CDC Recommendations for Hepatitis C Testing of Infants Perinatally Exposed to Hepatitis C

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CDC Recommends HCV Testing for Perinatally Exposed Infants The U.S. Centers for Disease Control and Prevention (CDC) issues new recommendations1 Test all perinatally exposed infants and children for hepatitis C virus (HCV) and refer patients who test positive to appropriate care and treatments approved for use in children 3 years of age.

“Proper identification, referral to care, and curative treatment of perinatally infected children are critical to achieving the goal of eliminating hepatitis C,” declared Lakshmi Panagiotakopoulos, MD, Section of Viral Hepatitis, National Center for HIV, Viral Hepatitis, and Sexually Transmitted Diseases (STD) and tuberculosis (TB) prevention, Centers for Disease Control and Prevention, Atlanta, GA, and colleagues.

Four new recommendations have been issued to address the more than threefold increase in the incidence of hepatitis C virus in people of childbearing age between 2010 and 2021 and the 6% to 7% of infants and children who were perinatally exposed to hepatitis C virus.

These recommendations complement the 2020 recommendations for hepatitis C screening in adults, which include universal screening of pregnant women during every pregnancy, and update recommendations from 1998 on the type and timing of designated testing as technology evolves guide.

4 main recommendations:

  1. Test all perinatally exposed infants for HCV with nucleic acid testing (NAT) to detect HCV RNA between 2 and 6 months of age
  2. Consult a health care provider with expertise in pediatric hepatitis C management for all infants and children with detectable HCV RNA
  3. Perinatally exposed infants and children with undetectable HCV RNA results after 2 months of age do not require further follow-up unless clinically warranted.
  4. HCV RNA NAT (nucleic acid testing) is recommended for perinatally exposed children 18 months of age or older who have not been previously tested.

Panagiotakopoulos and colleagues acknowledge that perinatal exposure of infants born to pregnant women can detect HCV RNA, but Panagiotakopoulos and colleagues acknowledge that such detection is not always available during pregnancy.

“The uptake of HCV screening during pregnancy is evolving as recommendations have recently shifted from risk-based to universal screening,” they commented.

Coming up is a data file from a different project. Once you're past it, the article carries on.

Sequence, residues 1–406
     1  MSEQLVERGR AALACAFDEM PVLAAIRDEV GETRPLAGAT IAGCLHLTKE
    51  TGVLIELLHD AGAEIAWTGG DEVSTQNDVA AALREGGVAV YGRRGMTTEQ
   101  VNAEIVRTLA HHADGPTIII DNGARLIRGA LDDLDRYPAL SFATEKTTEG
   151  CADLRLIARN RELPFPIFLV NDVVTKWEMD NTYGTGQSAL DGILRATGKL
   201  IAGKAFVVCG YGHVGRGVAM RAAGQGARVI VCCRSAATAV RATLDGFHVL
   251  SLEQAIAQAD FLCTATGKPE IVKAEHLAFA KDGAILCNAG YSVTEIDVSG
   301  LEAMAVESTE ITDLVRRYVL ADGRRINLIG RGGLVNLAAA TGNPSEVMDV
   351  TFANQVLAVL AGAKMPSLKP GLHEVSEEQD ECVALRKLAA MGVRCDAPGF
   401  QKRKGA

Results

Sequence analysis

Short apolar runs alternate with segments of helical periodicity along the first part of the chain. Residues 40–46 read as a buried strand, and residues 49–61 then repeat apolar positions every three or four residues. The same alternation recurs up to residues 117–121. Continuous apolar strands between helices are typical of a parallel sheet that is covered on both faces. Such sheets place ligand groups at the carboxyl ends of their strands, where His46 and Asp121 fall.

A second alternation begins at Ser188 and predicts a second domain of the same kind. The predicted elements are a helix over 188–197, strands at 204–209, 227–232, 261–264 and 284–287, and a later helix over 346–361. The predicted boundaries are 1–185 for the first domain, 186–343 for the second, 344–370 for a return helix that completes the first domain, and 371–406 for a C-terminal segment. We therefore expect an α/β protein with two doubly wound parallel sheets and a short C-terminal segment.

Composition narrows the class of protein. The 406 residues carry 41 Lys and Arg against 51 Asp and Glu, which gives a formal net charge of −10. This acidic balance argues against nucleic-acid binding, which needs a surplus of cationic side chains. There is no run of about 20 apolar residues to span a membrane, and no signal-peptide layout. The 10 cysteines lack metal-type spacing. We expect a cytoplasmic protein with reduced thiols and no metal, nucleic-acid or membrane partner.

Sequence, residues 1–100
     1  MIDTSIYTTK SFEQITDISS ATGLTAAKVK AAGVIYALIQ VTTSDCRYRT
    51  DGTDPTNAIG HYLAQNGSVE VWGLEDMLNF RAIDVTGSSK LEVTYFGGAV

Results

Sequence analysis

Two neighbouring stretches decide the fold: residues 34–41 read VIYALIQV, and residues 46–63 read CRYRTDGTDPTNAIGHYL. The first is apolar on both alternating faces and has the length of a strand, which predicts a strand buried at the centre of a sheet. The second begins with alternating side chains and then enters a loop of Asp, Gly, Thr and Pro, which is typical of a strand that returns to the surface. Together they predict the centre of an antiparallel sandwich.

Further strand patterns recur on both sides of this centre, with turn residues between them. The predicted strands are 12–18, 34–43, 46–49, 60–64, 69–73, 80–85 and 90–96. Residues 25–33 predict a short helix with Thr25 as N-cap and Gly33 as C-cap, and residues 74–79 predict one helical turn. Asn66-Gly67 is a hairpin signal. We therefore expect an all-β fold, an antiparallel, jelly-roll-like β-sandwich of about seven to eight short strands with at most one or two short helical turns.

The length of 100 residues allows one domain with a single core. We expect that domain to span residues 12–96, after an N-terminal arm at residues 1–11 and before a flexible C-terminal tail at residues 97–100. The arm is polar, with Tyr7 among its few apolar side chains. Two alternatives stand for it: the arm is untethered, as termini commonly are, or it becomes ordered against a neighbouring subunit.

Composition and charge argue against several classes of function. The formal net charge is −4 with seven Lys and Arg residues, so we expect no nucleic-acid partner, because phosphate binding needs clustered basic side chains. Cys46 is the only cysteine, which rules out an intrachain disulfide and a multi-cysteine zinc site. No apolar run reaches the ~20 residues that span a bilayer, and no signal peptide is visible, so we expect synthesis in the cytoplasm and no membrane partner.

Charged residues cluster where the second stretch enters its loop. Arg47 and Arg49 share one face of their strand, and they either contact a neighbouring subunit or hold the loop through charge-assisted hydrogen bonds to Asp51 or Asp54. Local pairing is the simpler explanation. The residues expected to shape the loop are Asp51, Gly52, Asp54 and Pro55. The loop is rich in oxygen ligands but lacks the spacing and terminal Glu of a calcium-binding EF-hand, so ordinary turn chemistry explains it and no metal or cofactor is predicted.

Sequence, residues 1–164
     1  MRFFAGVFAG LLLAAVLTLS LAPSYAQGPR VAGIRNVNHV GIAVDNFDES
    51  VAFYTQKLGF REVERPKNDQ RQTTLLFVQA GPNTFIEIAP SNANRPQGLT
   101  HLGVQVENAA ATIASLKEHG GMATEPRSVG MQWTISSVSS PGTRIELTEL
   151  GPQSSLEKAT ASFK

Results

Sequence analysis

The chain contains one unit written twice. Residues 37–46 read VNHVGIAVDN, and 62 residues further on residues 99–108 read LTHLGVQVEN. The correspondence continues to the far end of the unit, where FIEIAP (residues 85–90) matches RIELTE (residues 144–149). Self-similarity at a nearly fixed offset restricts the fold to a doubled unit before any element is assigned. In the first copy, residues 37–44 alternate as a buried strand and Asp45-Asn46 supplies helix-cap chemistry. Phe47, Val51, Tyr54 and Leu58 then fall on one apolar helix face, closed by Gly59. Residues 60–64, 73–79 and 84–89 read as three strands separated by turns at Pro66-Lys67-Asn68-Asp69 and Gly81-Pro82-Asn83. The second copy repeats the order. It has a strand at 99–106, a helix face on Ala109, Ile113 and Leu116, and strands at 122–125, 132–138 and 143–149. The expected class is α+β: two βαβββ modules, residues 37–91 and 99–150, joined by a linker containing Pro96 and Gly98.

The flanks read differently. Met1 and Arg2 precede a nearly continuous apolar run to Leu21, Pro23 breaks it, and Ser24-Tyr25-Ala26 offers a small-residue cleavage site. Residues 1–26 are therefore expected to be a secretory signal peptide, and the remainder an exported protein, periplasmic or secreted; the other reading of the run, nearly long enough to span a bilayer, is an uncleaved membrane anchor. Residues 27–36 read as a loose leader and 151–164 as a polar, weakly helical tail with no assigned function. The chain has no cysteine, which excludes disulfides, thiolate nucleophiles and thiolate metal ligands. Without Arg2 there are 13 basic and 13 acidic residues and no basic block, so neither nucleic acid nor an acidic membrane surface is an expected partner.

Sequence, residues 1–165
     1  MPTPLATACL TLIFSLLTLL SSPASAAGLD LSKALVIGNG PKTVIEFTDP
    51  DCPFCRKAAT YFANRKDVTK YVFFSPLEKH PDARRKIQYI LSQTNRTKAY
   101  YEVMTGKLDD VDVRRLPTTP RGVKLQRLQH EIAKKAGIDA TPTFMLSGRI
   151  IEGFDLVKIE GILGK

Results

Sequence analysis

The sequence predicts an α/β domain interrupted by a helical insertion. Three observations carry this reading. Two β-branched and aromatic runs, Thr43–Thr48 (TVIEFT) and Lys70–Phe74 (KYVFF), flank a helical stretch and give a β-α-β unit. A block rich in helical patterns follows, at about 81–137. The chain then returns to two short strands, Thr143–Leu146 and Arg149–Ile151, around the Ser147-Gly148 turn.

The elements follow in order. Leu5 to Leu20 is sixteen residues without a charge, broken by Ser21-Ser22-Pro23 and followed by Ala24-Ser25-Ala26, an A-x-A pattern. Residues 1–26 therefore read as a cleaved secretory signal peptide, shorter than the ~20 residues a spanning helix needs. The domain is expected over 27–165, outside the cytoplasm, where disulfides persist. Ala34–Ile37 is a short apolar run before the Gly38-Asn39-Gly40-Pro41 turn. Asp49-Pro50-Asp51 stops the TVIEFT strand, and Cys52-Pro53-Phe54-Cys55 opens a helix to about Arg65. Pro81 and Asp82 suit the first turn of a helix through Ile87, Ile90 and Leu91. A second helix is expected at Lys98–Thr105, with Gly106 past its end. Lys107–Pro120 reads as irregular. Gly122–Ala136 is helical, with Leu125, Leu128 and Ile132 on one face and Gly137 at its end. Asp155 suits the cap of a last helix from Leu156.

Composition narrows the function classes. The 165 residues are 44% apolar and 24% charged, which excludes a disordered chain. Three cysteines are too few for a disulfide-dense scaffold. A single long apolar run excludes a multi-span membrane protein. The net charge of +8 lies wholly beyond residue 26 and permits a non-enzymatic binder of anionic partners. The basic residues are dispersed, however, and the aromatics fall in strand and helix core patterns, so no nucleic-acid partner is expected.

what you should know

  • CDC emphasizes the importance of testing all perinatally exposed infants 2 to 6 months of age for hepatitis C virus (HCV) using nucleic acid testing (NAT).
  • Infants and children with undetectable HCV RNA at or beyond 2 months of age do not require further follow-up unless clinically necessary, thus simplifying interventions for those who do not test positive.
  • The recommendations highlight factors that influence HCV transmission, such as association with poorly controlled HIV co-infections, the impact of HIV antiretroviral therapy during pregnancy, and aspects of delivery.

Panogiotakopoulos and colleagues noted that HIV co-infection is transmitted more frequently when HIV co-infection is poorly controlled, which may be more common among pregnant women who inject drugs. They also showed that the use of antiretroviral therapy during pregnancy to reduce HIV viral load was associated with reduced rates of perinatal hepatitis C virus transmission.

Several aspects of transmission were considered, including the increased risk of HCV transmission with rupture of membranes lasting more than 6 hours before delivery and the use of intrafetal monitoring. Panogiotakopoulos and colleagues also noted that when invasive testing is required, amniocentesis is generally recommended rather than chorionic villus sampling.

They noted that there is no evidence that caesarean section is any less likely than vaginal delivery to prevent perinatal hepatitis C virus transmission. Postpartum breastfeeding also does not increase the risk of HCV transmission unless the nipples are cracked or bleeding.

Recognizing that cost is a barrier to treatment, recommendations include cost-effectiveness calculations: costs and health outcomes of various testing strategies, including spontaneous clearance of infection. Outcomes included diagnosis of infection, treatment or cure of infection, hepatocellular carcinoma, liver transplantation, and liver-related death. In multiple modeling studies, NAT (nucleic acid testing) for HCV RNA in infants with known perinatal exposure at 2 to 6 months of age was identified to achieve cost savings and improved health outcomes.

“There is a need to better understand how to improve linkage to care for these infants. Specifically, barriers to testing and the reasons why children who are not tested and identified are not referred to appropriate providers for follow-up,” urge Panogiotakopoulos and colleagues .

refer to

1. Panagiotakopoulos L, Sandul AI, Conners EE, et al. CDC recommendations for hepatitis C testing in perinatally exposed infants and children—United States, 2023. millimeter wave radar. 2023;72(4):1-19.

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